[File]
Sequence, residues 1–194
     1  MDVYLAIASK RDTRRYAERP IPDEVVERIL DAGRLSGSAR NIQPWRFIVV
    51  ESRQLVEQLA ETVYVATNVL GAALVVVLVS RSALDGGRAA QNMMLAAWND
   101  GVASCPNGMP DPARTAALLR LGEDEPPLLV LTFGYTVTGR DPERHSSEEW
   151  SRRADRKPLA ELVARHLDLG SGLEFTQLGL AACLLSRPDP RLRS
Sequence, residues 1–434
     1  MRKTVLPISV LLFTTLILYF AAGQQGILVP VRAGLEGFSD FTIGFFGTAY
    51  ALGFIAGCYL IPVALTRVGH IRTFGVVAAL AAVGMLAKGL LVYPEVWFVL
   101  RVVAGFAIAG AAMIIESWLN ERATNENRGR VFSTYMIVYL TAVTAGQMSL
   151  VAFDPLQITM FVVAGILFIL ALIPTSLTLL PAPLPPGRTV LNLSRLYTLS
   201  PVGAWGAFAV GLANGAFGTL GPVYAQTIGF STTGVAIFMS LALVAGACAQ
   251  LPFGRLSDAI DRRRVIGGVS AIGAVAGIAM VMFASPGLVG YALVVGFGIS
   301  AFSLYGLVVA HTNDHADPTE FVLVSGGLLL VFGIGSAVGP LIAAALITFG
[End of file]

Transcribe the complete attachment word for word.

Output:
Sequence, residues 1–194
     1  MDVYLAIASK RDTRRYAERP IPDEVVERIL DAGRLSGSAR NIQPWRFIVV
    51  ESRQLVEQLA ETVYVATNVL GAALVVVLVS RSALDGGRAA QNMMLAAWND
   101  GVASCPNGMP DPARTAALLR LGEDEPPLLV LTFGYTVTGR DPERHSSEEW
   151  SRRADRKPLA ELVARHLDLG SGLEFTQLGL AACLLSRPDP RLRS
Sequence, residues 1–434
     1  MRKTVLPISV LLFTTLILYF AAGQQGILVP VRAGLEGFSD FTIGFFGTAY
    51  ALGFIAGCYL IPVALTRVGH IRTFGVVAAL AAVGMLAKGL LVYPEVWFVL
   101  RVVAGFAIAG AAMIIESWLN ERATNENRGR VFSTYMIVYL TAVTAGQMSL
   151  VAFDPLQITM FVVAGILFIL ALIPTSLTLL PAPLPPGRTV LNLSRLYTLS
   201  PVGAWGAFAV GLANGAFGTL GPVYAQTIGF STTGVAIFMS LALVAGACAQ
   251  LPFGRLSDAI DRRRVIGGVS AIGAVAGIAM VMFASPGLVG YALVVGFGIS
   301  AFSLYGLVVA HTNDHADPTE FVLVSGGLLL VFGIGSAVGP LIAAALITFG